Is Russia Planning Another Massive False Flag…


Concerns are mounting after a US official reportedly revealed how intelligence suggests Russia has prepositioned a group of operatives to conduct a false-flag operation in eastern Ukraine in an attempt to create a reason to invade.

At a press conference on January 14, Pentagon Press Secretary John Kirby confirmed that the State Department had received information indicating that Russia “is already working actively to create a pretext for a potential invasion,” just hours after Ukraine’s government websites were hit by a “massive cyber-attack.”

“Our intelligence community has developed information, which has now been downgraded, that Russia is laying the groundwork to have the option of fabricating the pretext for an invasion,” Sullivan said on Thursday.

Russia employed a similar strategy in 2014, and it is now attempting to duplicate it.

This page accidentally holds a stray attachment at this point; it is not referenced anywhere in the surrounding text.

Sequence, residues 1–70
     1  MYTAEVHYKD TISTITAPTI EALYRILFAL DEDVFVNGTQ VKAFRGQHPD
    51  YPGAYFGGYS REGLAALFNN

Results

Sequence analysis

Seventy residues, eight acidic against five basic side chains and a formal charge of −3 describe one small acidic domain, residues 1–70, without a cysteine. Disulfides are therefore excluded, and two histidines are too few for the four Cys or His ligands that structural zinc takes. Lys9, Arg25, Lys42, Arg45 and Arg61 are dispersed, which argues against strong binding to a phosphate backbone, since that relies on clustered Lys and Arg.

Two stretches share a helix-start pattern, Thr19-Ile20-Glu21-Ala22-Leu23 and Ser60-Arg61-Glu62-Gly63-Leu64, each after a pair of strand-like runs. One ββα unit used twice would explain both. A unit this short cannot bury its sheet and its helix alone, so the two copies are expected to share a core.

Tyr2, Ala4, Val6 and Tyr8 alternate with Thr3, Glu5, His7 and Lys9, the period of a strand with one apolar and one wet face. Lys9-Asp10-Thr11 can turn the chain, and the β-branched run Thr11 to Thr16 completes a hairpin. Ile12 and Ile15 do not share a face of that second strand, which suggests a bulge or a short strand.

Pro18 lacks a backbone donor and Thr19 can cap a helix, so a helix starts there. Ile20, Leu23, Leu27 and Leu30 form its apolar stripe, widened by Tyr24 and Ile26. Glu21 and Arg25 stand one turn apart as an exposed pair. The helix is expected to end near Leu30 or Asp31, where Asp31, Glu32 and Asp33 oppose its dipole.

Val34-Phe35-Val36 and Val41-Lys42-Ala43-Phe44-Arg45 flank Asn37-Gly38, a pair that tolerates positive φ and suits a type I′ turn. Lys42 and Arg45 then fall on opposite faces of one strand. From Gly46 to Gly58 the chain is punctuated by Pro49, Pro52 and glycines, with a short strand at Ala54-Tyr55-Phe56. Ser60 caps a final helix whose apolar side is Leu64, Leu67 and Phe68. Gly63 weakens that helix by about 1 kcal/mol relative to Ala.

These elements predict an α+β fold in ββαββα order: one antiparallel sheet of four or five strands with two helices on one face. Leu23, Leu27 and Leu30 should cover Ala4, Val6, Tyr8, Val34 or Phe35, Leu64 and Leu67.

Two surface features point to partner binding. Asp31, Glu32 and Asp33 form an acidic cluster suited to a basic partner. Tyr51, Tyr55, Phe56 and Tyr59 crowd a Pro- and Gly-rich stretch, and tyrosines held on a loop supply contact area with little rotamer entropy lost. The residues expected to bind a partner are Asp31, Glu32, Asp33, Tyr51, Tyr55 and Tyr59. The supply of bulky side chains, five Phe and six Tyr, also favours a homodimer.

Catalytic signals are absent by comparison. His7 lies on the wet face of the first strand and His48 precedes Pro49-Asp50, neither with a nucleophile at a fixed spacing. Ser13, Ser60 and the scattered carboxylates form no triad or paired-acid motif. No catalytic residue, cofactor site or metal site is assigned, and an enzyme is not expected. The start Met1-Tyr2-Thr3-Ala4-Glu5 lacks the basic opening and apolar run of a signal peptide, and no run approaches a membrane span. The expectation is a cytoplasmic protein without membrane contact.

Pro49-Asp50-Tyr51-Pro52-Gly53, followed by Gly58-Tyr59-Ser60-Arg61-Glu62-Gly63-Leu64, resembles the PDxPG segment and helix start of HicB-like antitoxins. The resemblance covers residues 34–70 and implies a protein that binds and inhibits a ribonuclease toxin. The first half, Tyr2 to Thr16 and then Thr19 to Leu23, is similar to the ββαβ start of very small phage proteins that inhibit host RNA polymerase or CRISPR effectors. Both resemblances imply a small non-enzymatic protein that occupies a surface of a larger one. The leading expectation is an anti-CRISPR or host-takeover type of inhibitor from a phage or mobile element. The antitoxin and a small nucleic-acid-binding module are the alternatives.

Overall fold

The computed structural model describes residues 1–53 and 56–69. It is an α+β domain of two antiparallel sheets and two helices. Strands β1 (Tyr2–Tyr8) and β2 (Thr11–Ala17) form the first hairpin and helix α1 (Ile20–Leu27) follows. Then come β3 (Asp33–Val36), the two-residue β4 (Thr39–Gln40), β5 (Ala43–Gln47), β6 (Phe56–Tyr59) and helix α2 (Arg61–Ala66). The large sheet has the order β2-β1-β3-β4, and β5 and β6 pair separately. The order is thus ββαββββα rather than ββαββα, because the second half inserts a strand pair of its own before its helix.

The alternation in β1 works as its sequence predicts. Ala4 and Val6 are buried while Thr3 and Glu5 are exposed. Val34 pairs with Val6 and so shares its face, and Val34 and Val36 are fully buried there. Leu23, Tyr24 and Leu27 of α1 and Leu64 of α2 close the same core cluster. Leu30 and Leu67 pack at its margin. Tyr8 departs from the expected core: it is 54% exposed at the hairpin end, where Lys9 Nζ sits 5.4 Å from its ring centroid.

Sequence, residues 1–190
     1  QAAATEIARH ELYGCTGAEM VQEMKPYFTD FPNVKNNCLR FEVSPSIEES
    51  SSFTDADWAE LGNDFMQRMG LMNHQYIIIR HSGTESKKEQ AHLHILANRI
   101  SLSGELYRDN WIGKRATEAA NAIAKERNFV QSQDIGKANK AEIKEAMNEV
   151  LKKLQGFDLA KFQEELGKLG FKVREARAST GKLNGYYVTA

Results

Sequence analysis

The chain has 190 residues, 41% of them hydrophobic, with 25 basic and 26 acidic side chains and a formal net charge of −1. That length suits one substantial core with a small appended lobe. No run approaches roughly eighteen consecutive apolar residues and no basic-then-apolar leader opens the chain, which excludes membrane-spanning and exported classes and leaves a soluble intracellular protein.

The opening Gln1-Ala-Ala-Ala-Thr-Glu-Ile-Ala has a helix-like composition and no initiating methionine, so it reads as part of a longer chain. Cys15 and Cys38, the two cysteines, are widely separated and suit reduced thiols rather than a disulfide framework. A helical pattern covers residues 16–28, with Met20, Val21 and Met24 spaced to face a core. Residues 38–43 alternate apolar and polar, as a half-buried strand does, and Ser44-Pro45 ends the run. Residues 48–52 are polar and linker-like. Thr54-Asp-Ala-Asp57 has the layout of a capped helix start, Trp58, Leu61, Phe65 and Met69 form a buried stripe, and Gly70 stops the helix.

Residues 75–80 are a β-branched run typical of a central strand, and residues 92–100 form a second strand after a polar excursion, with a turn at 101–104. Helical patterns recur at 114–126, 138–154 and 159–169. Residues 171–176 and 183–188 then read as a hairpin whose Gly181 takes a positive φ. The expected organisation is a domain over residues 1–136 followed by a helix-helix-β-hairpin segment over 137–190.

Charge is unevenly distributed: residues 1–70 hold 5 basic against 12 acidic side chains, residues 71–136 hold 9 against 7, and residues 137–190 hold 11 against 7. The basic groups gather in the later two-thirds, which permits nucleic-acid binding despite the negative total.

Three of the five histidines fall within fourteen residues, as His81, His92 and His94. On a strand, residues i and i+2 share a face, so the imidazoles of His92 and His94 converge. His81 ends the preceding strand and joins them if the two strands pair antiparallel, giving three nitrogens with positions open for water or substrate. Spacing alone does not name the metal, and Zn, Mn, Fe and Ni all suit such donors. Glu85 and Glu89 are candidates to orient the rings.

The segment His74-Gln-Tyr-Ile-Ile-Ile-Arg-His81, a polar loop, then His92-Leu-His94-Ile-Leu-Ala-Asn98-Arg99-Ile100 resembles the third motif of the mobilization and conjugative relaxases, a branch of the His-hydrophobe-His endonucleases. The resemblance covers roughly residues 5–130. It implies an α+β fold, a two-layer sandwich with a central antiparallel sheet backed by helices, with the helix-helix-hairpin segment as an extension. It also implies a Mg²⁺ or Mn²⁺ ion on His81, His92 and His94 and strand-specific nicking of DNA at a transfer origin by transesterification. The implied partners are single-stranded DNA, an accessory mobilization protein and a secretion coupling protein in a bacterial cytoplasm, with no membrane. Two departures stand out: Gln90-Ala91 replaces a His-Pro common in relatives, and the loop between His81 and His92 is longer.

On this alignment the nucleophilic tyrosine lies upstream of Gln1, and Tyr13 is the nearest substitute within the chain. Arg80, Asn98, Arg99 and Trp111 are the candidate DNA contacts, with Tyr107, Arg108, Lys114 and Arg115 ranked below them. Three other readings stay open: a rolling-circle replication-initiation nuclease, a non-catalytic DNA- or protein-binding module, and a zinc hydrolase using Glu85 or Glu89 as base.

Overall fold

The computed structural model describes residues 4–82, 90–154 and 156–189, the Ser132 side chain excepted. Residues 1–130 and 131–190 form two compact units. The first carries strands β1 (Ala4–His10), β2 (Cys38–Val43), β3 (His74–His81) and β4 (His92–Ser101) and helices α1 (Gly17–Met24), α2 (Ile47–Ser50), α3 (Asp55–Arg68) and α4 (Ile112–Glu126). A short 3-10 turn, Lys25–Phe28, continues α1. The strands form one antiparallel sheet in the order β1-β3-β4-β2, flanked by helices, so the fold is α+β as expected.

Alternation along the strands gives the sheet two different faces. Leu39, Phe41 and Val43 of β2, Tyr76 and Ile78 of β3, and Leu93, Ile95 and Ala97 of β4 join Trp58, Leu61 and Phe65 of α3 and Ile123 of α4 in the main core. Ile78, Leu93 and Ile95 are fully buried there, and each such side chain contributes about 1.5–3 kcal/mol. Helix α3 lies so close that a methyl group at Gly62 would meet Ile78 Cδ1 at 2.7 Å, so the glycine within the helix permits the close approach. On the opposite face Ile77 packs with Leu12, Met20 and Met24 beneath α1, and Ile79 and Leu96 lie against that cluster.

According to US intelligence, Russia has prepositioned a number of operators to carry out a false-flag operation. The agents have also been trained in urban warfare and the use of explosives to carry out acts of sabotage against Russia’s own proxy troops, in US data.

“We saw this playbook in 2014. They are preparing this playbook again, and we will have, the administration will have, further details on what we see as this potential laying of the pretext to share with the press over the course of the next 24 hours.”

He also specified that the Russian military plans to launch this operation a few weeks before the invasion, which could take place between mid-January and mid-February.

The United States released the findings on the alleged false-flag plans after a week of talks with Russia to defuse tensions.

Russian President Vladimir Putin has denied plans to invade Ukraine but has demanded security guarantees from the West, including promises not to expand NATO eastward.

Sullivan said Thursday that the United States preferred diplomacy but was prepared to “defend” allies and to impose major economic costs on Russia if it invades.

Russia stepped up its pressure on Ukraine in 2014 after an uprising toppled a government that had rejected pressure to move the country closer to the West.

Sources: Dailywire, Edition.cnn, Asia.nikkei




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